• Route of administration: I.M Diagnostic uses
  • In patients who have been treated surgically for thyroid carcinoma, to test for recurrence, i.e to detect metastatic differentiated thyroid carcinoma.
  • Differentiates between myxoedema (a dermatological change that can occur in hypothyroidism and some forms of hyperthyroidism) due to pituitary dysfunction from primary thyroid disease.
  • Other clinical uses: ???


Adrenocorticotropin (ACTH)

  • Stimulates cortisol secretion by the adrenal cortex and promotes growth of adrenal cortex.
  • Therapeutic preparations of ACTH are extracts from the anterior pituitary of domestic animals or synthetic ACTH.
  • Widely used synthetic analogue is Tetracosactide which is mainly gven IM

Diagnotic use  

  • For diagnosis of adrenal cortical insufficiency; blood levels of cortisol is measured by radioimmunoassay after I.M administration of ACTH to address adrenal function and responsiveness.

AVE: Adverse effects of corticosteroids and risk of anaphylaxis. 


Follicle stimulating hormone  

  • Females: it stimulates the growth and development of ovarian follicles and promotes the secretion of estrogen by the ovaries.
  • Males: required for sperm production. Three preparations are available for clinical usage:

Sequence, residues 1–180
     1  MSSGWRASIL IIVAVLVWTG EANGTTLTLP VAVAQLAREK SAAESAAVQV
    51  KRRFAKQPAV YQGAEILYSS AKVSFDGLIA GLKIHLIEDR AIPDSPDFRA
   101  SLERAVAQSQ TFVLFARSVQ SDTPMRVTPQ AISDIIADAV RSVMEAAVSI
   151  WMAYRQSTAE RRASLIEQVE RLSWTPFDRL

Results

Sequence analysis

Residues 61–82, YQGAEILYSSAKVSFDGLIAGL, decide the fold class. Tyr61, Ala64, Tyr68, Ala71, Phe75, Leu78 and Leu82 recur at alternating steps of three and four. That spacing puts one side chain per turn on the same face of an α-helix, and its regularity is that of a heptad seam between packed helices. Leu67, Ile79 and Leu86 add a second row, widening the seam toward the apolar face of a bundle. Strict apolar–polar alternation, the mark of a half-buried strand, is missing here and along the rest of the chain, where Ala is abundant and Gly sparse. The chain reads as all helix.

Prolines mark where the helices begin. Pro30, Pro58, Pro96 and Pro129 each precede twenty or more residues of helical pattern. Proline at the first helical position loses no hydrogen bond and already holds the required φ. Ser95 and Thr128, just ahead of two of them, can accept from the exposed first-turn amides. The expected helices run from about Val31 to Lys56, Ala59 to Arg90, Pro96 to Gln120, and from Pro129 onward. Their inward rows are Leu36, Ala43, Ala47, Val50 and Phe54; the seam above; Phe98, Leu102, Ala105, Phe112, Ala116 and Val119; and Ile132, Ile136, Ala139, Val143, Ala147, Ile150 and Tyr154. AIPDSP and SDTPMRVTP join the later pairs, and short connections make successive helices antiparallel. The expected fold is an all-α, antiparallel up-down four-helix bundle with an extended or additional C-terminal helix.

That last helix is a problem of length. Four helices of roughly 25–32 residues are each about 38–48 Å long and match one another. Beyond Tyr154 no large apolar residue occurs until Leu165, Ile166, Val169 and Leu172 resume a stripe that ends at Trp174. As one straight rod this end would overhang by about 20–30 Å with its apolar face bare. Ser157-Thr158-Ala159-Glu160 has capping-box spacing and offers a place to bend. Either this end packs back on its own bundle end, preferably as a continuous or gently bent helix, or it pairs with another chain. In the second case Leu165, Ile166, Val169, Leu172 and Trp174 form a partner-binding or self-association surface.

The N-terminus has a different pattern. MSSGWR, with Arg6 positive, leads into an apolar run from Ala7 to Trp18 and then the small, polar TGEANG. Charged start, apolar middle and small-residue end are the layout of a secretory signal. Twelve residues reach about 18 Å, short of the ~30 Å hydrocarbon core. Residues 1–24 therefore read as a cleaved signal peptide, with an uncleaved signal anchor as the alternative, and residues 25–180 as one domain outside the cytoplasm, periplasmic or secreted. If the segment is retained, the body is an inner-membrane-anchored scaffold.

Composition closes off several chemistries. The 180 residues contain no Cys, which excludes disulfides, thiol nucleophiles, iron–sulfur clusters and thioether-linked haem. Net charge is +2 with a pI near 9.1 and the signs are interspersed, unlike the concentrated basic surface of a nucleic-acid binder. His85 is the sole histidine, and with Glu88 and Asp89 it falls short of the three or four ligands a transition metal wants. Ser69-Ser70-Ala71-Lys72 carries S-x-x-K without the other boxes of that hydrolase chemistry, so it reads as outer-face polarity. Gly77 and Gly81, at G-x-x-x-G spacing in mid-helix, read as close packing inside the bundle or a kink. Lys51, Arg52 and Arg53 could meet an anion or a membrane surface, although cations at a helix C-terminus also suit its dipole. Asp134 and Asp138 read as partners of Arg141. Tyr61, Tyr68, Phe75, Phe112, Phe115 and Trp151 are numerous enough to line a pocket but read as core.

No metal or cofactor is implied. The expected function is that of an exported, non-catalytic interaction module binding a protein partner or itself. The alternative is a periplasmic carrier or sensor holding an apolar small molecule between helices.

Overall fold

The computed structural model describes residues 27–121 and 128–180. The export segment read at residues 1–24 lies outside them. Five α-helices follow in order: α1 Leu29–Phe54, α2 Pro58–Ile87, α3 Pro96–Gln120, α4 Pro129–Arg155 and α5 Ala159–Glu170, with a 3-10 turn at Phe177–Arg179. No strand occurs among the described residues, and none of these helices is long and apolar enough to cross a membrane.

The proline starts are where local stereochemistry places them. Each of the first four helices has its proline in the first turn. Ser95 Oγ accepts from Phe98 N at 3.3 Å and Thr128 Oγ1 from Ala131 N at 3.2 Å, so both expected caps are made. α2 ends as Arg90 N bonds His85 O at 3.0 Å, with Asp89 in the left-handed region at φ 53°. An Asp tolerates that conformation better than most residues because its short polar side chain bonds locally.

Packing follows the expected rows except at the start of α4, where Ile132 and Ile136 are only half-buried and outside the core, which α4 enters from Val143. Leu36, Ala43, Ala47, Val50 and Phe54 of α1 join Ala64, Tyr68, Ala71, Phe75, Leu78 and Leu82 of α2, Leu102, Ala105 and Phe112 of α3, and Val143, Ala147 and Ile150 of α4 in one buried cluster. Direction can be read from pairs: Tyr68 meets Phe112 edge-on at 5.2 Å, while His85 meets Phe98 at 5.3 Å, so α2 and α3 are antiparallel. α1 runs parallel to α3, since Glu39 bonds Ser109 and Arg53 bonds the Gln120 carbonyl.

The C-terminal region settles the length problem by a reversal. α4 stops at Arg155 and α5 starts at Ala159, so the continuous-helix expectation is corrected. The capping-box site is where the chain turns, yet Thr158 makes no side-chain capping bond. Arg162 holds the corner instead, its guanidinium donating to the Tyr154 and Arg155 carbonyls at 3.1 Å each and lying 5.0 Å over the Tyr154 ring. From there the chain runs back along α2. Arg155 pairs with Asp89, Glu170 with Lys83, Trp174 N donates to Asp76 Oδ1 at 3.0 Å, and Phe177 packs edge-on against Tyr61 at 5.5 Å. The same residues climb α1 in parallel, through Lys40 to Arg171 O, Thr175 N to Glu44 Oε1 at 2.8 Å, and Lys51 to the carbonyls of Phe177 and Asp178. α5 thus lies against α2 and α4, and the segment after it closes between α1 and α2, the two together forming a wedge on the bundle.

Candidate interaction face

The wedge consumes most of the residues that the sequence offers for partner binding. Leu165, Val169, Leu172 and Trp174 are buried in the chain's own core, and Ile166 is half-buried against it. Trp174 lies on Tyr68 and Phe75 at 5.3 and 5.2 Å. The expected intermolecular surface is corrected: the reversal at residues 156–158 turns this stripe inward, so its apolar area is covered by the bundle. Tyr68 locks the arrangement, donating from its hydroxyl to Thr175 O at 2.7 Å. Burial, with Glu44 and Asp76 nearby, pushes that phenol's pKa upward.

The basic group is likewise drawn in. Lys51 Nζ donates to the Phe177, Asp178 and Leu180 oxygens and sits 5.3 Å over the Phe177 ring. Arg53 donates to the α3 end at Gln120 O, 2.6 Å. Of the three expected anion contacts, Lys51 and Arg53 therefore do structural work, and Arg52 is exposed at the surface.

1. Urofolitropin: purified from the urine of post menopausal women.
  2. 2 recombinant forms: folitropin alpha and folitropin beta.
  3. These products are used in combination with other drugs to treat infertility in women and men.


Luteinizing hormone  

  • Females: responsible for ovulation, formation of corpus lutein in the ovary and regulation of ovarian secretion of female sex hormones.
  • Males: stimulates cells in the testes to secrete testosterone.
  • Lutropin alpha, approved for use in combination with folitropin alpha for stimulating follicular development in infertile women with profound LH deficiency.



Secreted by lactotroph cells of the anterior pituitary which increases in number during pregnancy. 

  • It's secretion is stimulated by estrogen
  • Females: stimulates breast development and milk production
  • Males: involved in testicular function
  • No preparation is available for use in prolactin deficient patients
  • For patients with symptomatic hyperprolactinemia, inhibitipn of prolactin secretion with can be achieved with dopamine agonists which act to inhibit prolactin release.



  • It is synthesized in the hypothalamus and transported to the posterior pituitary
  • It is an effective stimulant of uterine contractions and is used intravenously to induce or reinforce labour.
  • It induces milk release.

Clinic uses (IV, IM)

  • Induction of labour
  • Control of post partum bleeding

AVE: Fetal distress, placental abruption or uterine rupture and excessive fluid retention. 



  • It is synthesized in the hypothalamus and transported to the posterior pituitary.
  • The function of ADH is to increase water conservation by the kidney.
  • If there is a high level of ADH secretion, the kidneys reabsorb water.
  • If there is low level of ADH secretion, kidneys release water in dilute urine. ADH release increases if BP falls.

Clinical uses 

  • Diabetes insipidus
  • Nocturnal enuresis (by decreasing nocturnal urine production)
  • AVE: hyponatremia and seizures.
  • Synthetic ADH drugs
  • Vasopressin: IV, IM
  • Desmopressin: IV, IM, PO, intranasal.